Six national records

G. Mounica... a sterling show in the 200 metres.-S. JAMES

As usual, the athletes braved the official ineptitude and the sweltering heat to put up a fabulous show. In the end, it was Punjab, which went on to bag the overall championship (based on the number of gold medals). K. Keerthivasan reports.

G. Mounica, a 16-year-old, was inconsolable after having been disqualified from the 400m for a false start on the first day of the S.S. Music-National youth athletics championships at the MGR Stadium in Madurai.

The immensely talented lass, who comes from a well-to-do family from Hyderabad, put the disappointment behind her with a sterling performance in the 200m with a record-breaking run in 24.88 seconds, erasing the mark of Chitra K. Soman (25.00s).

He knew nothing about pole vault, literally, till about two years ago. Parminder Kumar Patel, son of a farmer in Allahabad district, learnt the sport from his brother Arvind Kumar in his village. And in a short span of one year, he has performed exceptionally well in many National age-group meets. In Madurai, Parminder vaulted 4.30m, breaking the record held by Virender Singh of Gujarat (4.20m).

Ankit Sharma of Madhya Pradesh, the son of a Sanskrit professor in Government Arts College (Agra), rewrote the record books, leaping to 7.41m in long jump in his penultimate effort. He surpassed the record held by Sudhir Kumar of Haryana (7.33m).

Each of the three athletes comes from different economic backgrounds, but what unites them is their desire to make it big someday. The three-day National youth under-18 meet at the MGR Stadium was full of such teenagers (between 15 and 18) who showed their keenness to break through the clutter.

While the athletes covered themselves with glory, the Madurai District Athletics Association didn’t exactly put its best foot forward. The Uttar Pradesh team with 56 members didn’t get accommodation for nearly 21 hours after landing in Madurai. The team’s coach, Jaiswal, was furious. There were complaints of poor toilet facilities and lack of good drinking water. Add to that, most of the events were postponed on the very first day.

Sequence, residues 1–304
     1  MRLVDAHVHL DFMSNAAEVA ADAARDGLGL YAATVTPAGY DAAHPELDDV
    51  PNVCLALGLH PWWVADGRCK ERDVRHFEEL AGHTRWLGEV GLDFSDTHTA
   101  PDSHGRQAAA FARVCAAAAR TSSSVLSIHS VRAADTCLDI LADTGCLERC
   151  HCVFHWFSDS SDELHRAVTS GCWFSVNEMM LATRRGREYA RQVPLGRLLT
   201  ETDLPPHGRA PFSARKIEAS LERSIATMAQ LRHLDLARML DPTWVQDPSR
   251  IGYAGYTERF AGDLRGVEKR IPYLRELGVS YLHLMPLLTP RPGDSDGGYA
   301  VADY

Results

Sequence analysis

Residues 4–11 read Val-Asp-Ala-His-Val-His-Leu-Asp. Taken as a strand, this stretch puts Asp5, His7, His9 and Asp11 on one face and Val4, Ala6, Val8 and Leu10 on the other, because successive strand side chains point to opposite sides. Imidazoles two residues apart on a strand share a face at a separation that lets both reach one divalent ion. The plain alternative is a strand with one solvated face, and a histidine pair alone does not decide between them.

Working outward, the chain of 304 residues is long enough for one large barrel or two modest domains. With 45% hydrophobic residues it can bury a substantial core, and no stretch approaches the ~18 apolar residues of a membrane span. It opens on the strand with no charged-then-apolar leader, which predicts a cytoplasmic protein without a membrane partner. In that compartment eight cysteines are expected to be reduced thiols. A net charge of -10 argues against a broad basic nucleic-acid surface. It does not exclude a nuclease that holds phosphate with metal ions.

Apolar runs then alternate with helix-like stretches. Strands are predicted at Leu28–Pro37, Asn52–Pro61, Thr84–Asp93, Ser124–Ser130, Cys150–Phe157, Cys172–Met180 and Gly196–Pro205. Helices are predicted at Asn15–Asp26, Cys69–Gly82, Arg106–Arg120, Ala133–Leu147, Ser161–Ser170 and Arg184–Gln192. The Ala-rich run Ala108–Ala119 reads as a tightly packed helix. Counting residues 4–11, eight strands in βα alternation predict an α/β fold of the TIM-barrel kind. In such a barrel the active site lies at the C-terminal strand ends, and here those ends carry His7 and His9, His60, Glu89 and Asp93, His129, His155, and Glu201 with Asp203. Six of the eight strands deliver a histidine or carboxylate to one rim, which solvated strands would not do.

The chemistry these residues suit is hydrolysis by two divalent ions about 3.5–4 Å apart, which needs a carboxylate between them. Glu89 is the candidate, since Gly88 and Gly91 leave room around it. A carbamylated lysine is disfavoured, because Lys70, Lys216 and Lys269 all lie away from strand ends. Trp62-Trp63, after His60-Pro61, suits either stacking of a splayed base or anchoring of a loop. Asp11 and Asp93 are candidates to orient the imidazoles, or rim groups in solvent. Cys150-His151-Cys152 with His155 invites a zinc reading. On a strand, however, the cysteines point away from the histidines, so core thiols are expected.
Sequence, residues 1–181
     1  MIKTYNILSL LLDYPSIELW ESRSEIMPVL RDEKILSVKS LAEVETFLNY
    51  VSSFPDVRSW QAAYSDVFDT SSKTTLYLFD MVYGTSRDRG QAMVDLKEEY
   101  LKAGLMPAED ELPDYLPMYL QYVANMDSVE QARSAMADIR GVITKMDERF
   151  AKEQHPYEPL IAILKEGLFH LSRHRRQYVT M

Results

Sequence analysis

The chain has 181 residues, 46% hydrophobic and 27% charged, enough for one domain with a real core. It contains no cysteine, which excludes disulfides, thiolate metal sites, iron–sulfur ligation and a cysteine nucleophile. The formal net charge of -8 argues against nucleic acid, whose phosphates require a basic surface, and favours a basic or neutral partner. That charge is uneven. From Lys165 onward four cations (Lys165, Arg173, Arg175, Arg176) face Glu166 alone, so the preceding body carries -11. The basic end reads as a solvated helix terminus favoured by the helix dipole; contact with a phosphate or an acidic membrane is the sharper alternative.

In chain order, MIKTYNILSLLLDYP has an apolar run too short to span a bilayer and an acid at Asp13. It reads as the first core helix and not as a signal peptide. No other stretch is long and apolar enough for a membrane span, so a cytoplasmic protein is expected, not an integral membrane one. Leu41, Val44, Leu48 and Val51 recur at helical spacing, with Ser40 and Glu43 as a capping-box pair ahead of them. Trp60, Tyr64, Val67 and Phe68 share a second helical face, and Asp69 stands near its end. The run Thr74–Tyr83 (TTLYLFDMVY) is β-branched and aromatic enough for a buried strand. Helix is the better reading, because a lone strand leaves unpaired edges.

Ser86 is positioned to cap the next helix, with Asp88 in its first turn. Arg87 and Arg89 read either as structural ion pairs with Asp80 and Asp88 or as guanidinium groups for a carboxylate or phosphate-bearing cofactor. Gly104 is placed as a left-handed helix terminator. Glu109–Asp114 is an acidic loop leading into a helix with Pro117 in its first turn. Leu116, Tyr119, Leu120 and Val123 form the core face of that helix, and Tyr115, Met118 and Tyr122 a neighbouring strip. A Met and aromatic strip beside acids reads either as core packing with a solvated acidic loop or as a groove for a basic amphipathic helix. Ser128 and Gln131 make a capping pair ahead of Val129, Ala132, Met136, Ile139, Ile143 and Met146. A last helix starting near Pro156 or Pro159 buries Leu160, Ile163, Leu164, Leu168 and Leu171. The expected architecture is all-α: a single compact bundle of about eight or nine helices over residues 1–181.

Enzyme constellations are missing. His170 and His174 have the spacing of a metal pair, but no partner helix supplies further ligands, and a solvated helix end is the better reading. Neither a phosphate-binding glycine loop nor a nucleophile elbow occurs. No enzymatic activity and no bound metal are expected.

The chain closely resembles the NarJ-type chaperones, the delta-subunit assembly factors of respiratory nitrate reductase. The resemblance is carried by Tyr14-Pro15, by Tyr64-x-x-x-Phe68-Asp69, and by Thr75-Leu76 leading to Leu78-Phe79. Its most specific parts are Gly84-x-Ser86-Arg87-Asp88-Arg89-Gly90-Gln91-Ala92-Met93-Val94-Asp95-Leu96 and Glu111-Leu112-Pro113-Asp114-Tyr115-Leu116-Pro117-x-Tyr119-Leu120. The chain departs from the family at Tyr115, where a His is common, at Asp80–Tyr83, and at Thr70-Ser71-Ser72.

It was later learnt that the MDAA didn’t have many of the equipments needed to get the meet going, like starting blocks for sprints, hurdles for steeplechase, nets for field events such as shot put, discus and javelin throw. It was left to C. K. Valson, Technical Director, Athletics Federation of India, and N. Annavi, Technical Co-ordinator for the championships, to use their good offices to get the equipments from Chennai and Delhi.

It left a lot of questions unanswered. While everybody knew about the National youth meet months in advance, why did the MDAA have to wait till the last minute to realise that it didn’t have the basic equipments for a National championship? What happened to the equipments that were at the MDAA’s disposal?

As usual, the athletes braved the official ineptitude and the sweltering heat to put up a fabulous show. In the end, it was Punjab, which went on to bag the overall championship (based on the number of gold medals). Kerala finished second, while UP came third. With just six athletes in its ranks, Punjab gobbled up six gold and four silver medals. Six National and seven meet records were created in the meet. Punjab’s Gurwant Singh (national record holder in shot put with a distance of 18.20m) and Mounica were declared the best boy and girl athletes of the championships.

OVERALL CHAMPIONS

1. Punjab (6 golds, 4 silvers and 0 bronze) 2. Kerala (5, 7, 8) 3. U. P. (5, 3, 4)

BOYS 1. U. P. (5, 3, 3) 2. Punjab (4, 4, 0) GIRLS 1. Kerala (5, 5, 4) 2. Tamil Nadu (2, 3, 5).